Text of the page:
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Decision of interest June 28, 2012

 Decided on June 27, 2012

SUPREME COURT OF THE STATE OF NEW YORK

APPELLATE DIVISION : SECOND JUDICIAL DEPARTMENT
DANIEL D. ANGIOLILLO, J.P.
RANDALL T. ENG
PLUMMER E. LOTT
LEONARD B. AUSTIN, JJ.
2011-07445
(Index No. 6786/07)

[*1]Srdjan Jovanovic, respondent,

v

Milica Jovanovic, appellant.

Michael D. Weinstein, Tarrytown, N.Y., for appellant.
Mark L. Cortegiano, Middle Village, N.Y., for respondent.

DECISION & ORDER

In an action for the equitable distribution of marital property following a foreign judgment of divorce, the defendant appeals from an order of the Supreme Court, Queens County (Esposito, J.), dated June 22, 2011, which denied her motion, in effect, for leave to reargue and renew that branch of her prior cross motion which was to compel disclosure, which had been denied in an order of the same court dated September 21, 2009 (Fitzmaurice, J.).

ORDERED that the appeal from so much of the order dated June 22, 2011, as denied that branch of the defendant’s motion which was, in effect, for leave to reargue is dismissed, as no appeal lies from an order denying reargument (see Lamacchia v Schwartz, 94 AD3d 712Grossman v New York Life Ins. Co., 90 AD3d 990); and it is further,

ORDERED that the order dated June 22, 2011, is affirmed insofar as reviewed; and it is further,

ORDERED that one bill of costs is awarded to the plaintiff.

Contrary to the defendant’s contention, the Supreme Court properly treated the instant motion as a motion for leave to reargue and renew that branch of her prior cross motion which was to compel disclosure. Although the instant motion was predicated on a different legal argument and supported by evidence not submitted on the prior cross motion, both motions essentially sought identical relief, i.e., disclosure of the plaintiff’s income and assets acquired between the date of a foreign judgment of divorce and the date of commencement of this action for equitable distribution. Thus, the instant motion was, in actuality, one for leave to reargue and renew (see Cunningham v Diers, 14 AD3d 528, 529; Agayeva v KJ Shuttle Serv., 284 AD2d 488; Cangro v Cangro, 272 AD2d 286; Mucciola v City of New York, 177 AD2d 553, 554).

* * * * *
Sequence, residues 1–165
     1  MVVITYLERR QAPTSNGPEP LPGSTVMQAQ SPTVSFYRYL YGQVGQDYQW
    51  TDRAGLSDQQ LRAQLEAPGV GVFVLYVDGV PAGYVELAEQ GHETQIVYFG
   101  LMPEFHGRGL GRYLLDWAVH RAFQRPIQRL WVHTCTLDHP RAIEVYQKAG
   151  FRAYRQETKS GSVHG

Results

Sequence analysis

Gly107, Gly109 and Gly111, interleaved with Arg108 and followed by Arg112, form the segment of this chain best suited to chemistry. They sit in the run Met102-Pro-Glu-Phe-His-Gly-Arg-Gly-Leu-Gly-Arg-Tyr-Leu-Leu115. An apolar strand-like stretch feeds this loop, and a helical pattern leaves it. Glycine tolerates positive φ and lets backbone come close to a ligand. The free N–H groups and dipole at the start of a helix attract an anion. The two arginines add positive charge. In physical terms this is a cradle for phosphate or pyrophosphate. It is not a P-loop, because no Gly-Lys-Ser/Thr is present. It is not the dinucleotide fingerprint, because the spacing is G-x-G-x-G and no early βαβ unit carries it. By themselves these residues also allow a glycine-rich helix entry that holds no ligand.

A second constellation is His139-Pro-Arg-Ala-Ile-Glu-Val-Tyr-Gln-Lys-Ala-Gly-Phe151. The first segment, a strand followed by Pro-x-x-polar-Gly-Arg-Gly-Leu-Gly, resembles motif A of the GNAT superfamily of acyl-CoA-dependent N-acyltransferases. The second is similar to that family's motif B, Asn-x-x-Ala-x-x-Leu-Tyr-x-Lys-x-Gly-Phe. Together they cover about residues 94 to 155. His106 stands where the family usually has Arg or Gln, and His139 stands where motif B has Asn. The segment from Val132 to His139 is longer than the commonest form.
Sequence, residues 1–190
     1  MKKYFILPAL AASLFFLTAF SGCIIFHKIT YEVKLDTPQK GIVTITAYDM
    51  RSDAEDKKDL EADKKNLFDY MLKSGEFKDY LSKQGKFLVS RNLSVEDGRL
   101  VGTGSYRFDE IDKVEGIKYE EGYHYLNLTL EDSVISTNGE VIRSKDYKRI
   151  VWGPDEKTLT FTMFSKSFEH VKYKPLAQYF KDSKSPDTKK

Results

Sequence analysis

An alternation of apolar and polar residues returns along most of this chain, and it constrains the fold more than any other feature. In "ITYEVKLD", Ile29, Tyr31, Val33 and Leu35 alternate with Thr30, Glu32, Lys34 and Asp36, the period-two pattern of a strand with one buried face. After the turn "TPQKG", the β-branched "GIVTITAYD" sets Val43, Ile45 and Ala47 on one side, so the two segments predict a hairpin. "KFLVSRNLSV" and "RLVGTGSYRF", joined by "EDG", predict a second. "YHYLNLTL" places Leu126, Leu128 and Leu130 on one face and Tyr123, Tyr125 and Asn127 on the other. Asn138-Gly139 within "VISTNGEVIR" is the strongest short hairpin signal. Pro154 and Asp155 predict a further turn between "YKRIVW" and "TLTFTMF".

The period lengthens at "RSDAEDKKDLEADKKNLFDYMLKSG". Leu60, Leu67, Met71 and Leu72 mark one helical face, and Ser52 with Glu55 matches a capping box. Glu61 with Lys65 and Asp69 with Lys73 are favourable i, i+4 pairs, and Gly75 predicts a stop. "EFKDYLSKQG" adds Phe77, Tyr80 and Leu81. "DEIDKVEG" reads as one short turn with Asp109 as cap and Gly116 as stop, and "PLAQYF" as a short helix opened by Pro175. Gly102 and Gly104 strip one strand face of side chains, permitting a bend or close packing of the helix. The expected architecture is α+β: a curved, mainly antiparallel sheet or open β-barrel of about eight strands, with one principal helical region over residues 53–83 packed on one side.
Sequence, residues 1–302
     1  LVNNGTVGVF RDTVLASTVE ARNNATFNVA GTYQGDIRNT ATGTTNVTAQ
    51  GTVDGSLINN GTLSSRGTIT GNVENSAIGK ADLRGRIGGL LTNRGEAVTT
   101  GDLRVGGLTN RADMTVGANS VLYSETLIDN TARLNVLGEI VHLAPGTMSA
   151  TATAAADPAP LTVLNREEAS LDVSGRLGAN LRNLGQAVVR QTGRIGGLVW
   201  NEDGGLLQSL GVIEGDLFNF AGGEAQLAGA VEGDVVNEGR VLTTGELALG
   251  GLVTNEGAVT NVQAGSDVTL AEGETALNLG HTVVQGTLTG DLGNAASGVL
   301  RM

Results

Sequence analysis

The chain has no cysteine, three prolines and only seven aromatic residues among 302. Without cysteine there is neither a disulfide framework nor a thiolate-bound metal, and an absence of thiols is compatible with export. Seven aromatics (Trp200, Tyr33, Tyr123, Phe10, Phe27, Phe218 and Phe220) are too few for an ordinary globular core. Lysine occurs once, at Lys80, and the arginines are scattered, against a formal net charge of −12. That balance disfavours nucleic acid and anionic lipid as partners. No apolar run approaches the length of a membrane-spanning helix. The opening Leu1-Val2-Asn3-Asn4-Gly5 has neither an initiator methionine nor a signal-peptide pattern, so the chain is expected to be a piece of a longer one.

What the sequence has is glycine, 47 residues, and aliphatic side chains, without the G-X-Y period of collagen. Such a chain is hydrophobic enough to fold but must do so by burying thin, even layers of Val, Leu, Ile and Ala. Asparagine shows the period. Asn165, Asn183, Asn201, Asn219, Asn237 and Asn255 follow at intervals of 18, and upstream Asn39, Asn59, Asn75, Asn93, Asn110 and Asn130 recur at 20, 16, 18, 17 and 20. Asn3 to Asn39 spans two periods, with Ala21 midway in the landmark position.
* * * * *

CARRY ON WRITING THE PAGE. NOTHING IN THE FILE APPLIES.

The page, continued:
Furthermore, the Supreme Court providently exercised its discretion in denying that branch of the instant motion which was, in effect, for leave to renew. A motion for leave to renew “shall be based upon new facts not offered on the prior motion that would change the prior determination” and “shall contain reasonable justification for the failure to present such facts on the [*2]prior motion” (CPLR 2221[e][2], [3]; see DeMarquez v Gallo, 94 AD3d 1039Matter of Choy v Mai Ling Lai, 91 AD3d 772). Although the requirement that a motion for renewal must be based on new facts is a flexible one (see DeMarquez v Gallo, 94 AD3d 1039Matter of Beren v Beren, 92 AD3d 676, 677), a motion to renew is not a second chance freely given to parties who have not exercised due diligence in making their first factual presentation, and the Supreme Court lacks discretion to grant renewal where the moving party omits a reasonable justification for failing to present the new facts on the original motion (see Bazile v City of New York, 94 AD3d 929Eskenazi v Mackoul, 92 AD3d 828, 829; Worrell v Parkway Estates, LLC, 43 AD3d 436, 437; Renna v Gullo, 19 AD3d 472, 473). Here, the defendant relied on additional facts known to her at the time of her prior cross motion without demonstrating a reasonable justification for failing to submit these facts on the earlier cross motion (see Bazile v City of New York, 94 AD3d 929Eskenazi v Mackoul, 92 AD3d at 829; Dervisevic v Dervisevic, 89 AD3d 785, 787). In any event, the defendant failed to demonstrate that the additional facts she submitted would change the Supreme Court’s prior determination denying that branch of her cross motion which was to compel discovery (see Eskenazi v Mackoul, 92 AD3d at 829).
ANGIOLILLO, J.P., ENG, LOTT and AUSTIN, JJ., concur.

ENTER:

Aprilanne Agostino

Clerk of the Court

 

 

 

 

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